In most cases, the mantra is not meant to have a specific meaning (although mantras that have meaning are very useful and beneficial too). Most mantras are meant to be powerful simply because they are sounds. And sounds, when they are thought, represent the finest or subtlest lever of thinking possible. (just try it now. Think the thought “hoom” and see how your entire mind was flooded with a soft, meaningless, subtle echo or thought.)
Normally the mind moves from thought to thought and it has no real control over what thoughts will pop up next. During this meditation the mind begins with one specially chosen thought (the mantra) and then experiences that one thought “vertically”, as it were, in its earlier, formative stages. By following the thought inward or downward, the mind arrives at the source of thought, the level of pure consciousness, or pure subjectivity, or godhead, rigpa, the dharmakaya, unified field, whatever you like. (which then can lead you to the realization of Emptiness or Buddhamind, ultimate liberation.) This will shock most of you reading this if you haven’t meditated before because maybe you have never followed your thoughts down to their origin. If you do, you may discover, for the first time, a vast empty field of awareness that is full of light and love and what some people call Spirit itself. the sublime Rumi: "What is the source of thought? why stay in prison when the door is wide open? " or something like that.
So, meditation on a mantra (or the breath, for that matter) can work well if it is done properly. Some pointers are that when you become aware that you are not thinking the mantra anymore, just come back to the mantra gently and quietly. And, do not try to think the mantra clearly or rhythmically. Just let it be a faint idea rolling deep inside your mind.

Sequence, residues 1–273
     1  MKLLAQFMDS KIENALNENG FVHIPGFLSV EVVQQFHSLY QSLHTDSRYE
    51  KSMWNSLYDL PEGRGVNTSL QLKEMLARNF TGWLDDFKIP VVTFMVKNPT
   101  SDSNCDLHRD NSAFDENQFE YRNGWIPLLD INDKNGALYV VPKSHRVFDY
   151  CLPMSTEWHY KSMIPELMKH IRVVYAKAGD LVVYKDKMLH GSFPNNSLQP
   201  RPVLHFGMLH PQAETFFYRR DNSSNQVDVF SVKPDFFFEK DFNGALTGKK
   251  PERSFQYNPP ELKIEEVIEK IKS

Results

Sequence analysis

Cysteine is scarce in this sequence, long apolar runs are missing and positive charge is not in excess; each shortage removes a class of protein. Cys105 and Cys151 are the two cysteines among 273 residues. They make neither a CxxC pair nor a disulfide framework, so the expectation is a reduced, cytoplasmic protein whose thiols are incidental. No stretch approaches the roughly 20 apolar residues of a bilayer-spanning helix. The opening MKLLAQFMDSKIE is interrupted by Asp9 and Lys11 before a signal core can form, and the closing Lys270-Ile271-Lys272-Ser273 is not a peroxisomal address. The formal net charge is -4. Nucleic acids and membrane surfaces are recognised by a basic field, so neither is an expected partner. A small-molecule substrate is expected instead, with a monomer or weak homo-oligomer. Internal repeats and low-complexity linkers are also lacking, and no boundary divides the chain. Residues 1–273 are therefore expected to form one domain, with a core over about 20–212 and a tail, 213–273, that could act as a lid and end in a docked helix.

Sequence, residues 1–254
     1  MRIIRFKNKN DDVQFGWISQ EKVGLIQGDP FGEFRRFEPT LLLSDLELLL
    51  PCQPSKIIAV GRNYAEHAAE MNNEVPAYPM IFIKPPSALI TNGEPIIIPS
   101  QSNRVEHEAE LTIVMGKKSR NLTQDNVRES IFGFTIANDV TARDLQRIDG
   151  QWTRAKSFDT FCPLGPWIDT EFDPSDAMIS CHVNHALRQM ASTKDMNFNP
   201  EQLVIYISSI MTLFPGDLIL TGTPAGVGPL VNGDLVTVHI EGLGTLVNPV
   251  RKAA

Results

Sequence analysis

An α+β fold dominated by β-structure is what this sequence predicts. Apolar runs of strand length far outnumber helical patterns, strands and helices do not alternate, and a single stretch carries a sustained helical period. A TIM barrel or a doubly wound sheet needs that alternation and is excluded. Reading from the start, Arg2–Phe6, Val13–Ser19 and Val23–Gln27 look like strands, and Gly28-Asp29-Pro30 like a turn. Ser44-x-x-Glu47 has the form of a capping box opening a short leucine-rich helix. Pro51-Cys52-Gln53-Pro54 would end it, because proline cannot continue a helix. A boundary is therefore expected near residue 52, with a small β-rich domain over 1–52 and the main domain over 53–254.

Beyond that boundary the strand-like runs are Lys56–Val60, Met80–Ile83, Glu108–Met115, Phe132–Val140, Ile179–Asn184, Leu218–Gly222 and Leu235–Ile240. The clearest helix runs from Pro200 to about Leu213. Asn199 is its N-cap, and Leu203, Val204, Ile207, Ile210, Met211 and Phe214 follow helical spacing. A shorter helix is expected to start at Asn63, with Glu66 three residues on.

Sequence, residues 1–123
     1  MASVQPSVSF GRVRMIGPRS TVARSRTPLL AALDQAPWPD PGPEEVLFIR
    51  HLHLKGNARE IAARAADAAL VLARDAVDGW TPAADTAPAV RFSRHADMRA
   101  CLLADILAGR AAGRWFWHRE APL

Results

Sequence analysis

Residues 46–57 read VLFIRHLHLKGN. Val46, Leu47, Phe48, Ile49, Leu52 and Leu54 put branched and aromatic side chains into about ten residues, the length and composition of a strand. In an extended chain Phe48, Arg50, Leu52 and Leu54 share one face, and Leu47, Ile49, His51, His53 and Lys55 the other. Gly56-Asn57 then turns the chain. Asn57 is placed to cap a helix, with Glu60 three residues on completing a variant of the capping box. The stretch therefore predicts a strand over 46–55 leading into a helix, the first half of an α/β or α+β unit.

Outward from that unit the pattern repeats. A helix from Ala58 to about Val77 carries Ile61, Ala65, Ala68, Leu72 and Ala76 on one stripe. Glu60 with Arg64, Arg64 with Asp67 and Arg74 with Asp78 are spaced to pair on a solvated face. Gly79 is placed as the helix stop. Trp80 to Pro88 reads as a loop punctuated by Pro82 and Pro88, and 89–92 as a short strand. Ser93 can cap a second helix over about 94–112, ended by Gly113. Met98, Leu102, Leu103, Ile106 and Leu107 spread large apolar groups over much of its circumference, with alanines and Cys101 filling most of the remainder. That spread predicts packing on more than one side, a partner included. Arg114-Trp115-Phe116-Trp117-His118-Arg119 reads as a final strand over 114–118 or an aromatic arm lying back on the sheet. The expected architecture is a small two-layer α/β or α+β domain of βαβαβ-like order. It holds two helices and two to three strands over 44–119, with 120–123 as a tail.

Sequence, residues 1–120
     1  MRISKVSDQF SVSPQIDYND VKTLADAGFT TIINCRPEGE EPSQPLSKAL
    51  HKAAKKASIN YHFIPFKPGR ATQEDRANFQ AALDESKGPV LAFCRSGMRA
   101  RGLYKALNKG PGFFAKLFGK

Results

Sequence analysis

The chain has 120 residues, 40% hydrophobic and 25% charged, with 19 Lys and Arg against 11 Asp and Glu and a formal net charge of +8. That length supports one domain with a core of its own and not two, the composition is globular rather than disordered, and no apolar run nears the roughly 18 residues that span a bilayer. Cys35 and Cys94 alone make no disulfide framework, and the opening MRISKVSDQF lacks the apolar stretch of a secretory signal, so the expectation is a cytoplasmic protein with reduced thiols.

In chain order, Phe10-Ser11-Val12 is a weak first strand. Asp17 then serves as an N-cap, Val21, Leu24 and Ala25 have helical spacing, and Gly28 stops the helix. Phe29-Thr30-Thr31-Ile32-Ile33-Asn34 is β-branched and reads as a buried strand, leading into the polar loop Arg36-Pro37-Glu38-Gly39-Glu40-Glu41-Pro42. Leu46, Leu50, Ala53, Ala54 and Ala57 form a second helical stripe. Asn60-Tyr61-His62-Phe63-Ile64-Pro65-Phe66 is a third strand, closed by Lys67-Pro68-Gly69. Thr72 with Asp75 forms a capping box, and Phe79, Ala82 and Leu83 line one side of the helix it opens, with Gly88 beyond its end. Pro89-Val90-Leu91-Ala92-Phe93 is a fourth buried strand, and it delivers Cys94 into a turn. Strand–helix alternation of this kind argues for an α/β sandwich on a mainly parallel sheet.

The mantra may change in different ways. It may get faster or slower, louder or softer, clearer or fainter. Its pronunciation may change, lengthen or shorten or even may appear to be distorted or it may not appear to change at all. In every case, take it as it comes. It is important that this type of meditation is “effortless.” This is hard to grasp at first because you are sitting down focusing on a specifically chosen thought, repeating it over and over again. Sounds pretty unnatural and effortful. But imagine this:

Shifting of the mind from the mantra to the thought has been an effortless process, shifting from this thought to another thought that "I am off the mantra" has also been effortless. When two shiftings have been effortless, then the third could also be effortless, that is, the shift back to the mantra.


So, during meditation, do not resist thoughts, or noise, or feelings. do not resist the mantra changing or disappearing. do not resist anything. instead, give a hovering-like attention to whatever comes up. This will profoundly change your life.
I use the mantra “ah” the most, for it is a seed syllable used in my dream yoga practice. During the Avalokitesvara sadhana, or visualization practice, I use the mantra “om mani padme hum.”

Also, mantra meditation is not the best or only type of meditation. I have heard that the Buddha Shakyamuni first taught “ana-pana” and “vipassana” meditation, which focuses on the breath, awareness of feelings in the body, and insight into the empty nature of all phenomena. That is what he was practicing under the bodhi tree when he discovered his enlightenment. Also, there are meditations that don’t use any forms or objects at all, such as dzogchen or mahamudra. So, there are many kinds. Different strokes for different folks. Or, as they say in Japan, “juu nin to iro.” “Ten people, ten colors.”

1 comment:

lau said...

my mother, grandmother and i went maple tree-hunting. i hear bermont is the best placve to go though. the trees are really pretty over there.

May all beings be Free and in Love.



Blog Archive